‘Now there’s a girl with a death wish.’
Mio watched the girl skateboard down some handrails, nailing the landing but carving close enough to fog up a metal pole. Straightening, and with a push-push of her foot, she popped into the air, the skateboard somehow stuck to her feet, before flipping and spinning, only to drop to a crouched landing before rolling away.
Mio smiled as she spotted the sign attached to the pole. The ‘N’ had been whitened out and texta-ed over so that the NO SKATEBOARDING now read GO SKATEBOARDING. She pointed out the sign to her friend Clem saying. ‘Those skateboarders don’t miss a trick.’
Mio and her friends, Clem, Bryce, Tong and Darcy, are mad keen BMX riders. They are excited that the council is constructing a BMX/skate park, until they find there’s been a change in plans. The council have decided that it’s too dangerous to have the bikers and skaters together and the park will now be just for the skaters. They are all furious, but Mio is the most determined to do something about it. They meet with their friend, Mr Lark to plan a course of action. Mio borrows Mr Lark’s Vietnam War dog tags for a school project and things begin to go wrong, especially for her. Each attempt she makes to sort things out just lands her in more trouble, until even her closest friends seem keen to distance themselves.
Extreme! is a rocketing ride from start to finish. It is full of BMX stunts, described in detail. The reader has plenty of opportunities to experience the similarities and differences between BMX riding and skateboarding. The thrills and the spills. There are chase scenes worthy of any action movie. Extreme is told from the omniscient point of view with characters from Japanese, Vietnamese, Jewish and Anglo backgrounds. In Mio, for example, Japanese reticence fights with an Australian forthrightness. Tong struggles with English, but also with some Australian concepts. The relationship the children have with Mr Lark is an anchor for them all, particularly when other adults appear to be being unreasonable. Themes include justice, cultural identity, friendship, identity theft, cooperation and safety.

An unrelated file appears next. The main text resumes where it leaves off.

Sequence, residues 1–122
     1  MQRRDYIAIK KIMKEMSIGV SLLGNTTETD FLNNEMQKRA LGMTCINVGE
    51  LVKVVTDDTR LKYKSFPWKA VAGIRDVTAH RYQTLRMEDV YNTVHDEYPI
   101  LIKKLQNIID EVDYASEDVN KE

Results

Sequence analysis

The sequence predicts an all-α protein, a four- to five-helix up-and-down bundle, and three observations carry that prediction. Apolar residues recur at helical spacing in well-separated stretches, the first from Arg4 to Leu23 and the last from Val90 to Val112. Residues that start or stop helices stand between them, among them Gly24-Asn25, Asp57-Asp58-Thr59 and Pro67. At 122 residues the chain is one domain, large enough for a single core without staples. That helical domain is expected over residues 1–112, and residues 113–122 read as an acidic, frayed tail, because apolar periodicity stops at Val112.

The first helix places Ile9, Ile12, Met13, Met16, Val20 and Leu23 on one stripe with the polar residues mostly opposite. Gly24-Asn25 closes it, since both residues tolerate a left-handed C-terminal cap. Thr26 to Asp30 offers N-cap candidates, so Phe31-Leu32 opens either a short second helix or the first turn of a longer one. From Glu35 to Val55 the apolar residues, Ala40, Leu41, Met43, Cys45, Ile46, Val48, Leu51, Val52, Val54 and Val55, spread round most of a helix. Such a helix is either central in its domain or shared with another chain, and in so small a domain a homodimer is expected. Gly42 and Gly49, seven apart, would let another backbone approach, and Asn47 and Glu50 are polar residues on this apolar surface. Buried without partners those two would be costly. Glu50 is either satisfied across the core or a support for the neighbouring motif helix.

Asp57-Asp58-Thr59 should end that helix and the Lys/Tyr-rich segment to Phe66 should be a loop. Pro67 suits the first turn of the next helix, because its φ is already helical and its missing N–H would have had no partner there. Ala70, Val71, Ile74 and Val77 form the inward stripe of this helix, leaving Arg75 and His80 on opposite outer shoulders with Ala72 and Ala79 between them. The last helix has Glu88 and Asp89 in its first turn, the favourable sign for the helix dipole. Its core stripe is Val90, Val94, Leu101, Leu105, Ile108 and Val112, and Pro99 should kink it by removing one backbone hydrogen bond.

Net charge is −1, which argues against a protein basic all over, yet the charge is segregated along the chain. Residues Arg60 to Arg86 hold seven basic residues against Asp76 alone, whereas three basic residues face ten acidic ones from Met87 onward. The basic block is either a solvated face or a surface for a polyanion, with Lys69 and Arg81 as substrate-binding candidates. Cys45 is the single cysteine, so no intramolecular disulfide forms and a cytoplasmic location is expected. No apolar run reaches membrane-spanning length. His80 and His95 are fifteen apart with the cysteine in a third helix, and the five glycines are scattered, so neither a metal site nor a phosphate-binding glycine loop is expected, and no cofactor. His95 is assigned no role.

Recommended for upper primary-early secondary readers.
Extreme!, by J A Mawter
Five riders stood astride their bikes. The late afternoon sun bounced off helmets and handle bars and bells and reflectors, giving the group an eerie luminescent glow. They were an odd assortment of kids, drawn together by their love of riding, especially stunt riding.
In this, the second instalment in the Freewheelers series, the Freewheelers decide to enter a local bike trials competition. They’ll need to do some serious practice to get ready, but when they find the ideal training ground they soon find that they have unwelcome company.
There are strange things happening. There is graffiti appearing in their favourite places – and it’s not just any graffiti. Bryce, one of the Freewheelers, used to be in a graffiti gang, and his tag is being used. The other Freewheelers are worried that Bryce has gone back to his old ways. Then, when Tong’s bike is stolen, Bryce again falls under suspicion. Can Bryce remain a freewheeler? And what can he do to clear his name?
Although part of a series, this offering stands alone, too, so that readers new to the series are not disadvantaged. With a mix of boy and girl characters, from different racial and family backgrounds, this is a series designed to appeal to readers of both sexes. There is plenty of bike action, a mystery to be solved, and issues including loyalty, graffiti and homeless kids.